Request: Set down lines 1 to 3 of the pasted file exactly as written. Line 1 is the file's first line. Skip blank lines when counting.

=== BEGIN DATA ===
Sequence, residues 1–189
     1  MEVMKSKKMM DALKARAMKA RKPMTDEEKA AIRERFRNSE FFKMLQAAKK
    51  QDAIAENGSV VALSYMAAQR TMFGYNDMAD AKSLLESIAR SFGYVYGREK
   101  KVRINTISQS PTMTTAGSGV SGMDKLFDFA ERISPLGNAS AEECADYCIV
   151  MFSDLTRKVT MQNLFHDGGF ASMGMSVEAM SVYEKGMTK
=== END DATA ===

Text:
Sequence, residues 1–189
     1  MEVMKSKKMM DALKARAMKA RKPMTDEEKA AIRERFRNSE FFKMLQAAKK
    51  QDAIAENGSV VALSYMAAQR TMFGYNDMAD AKSLLESIAR SFGYVYGREK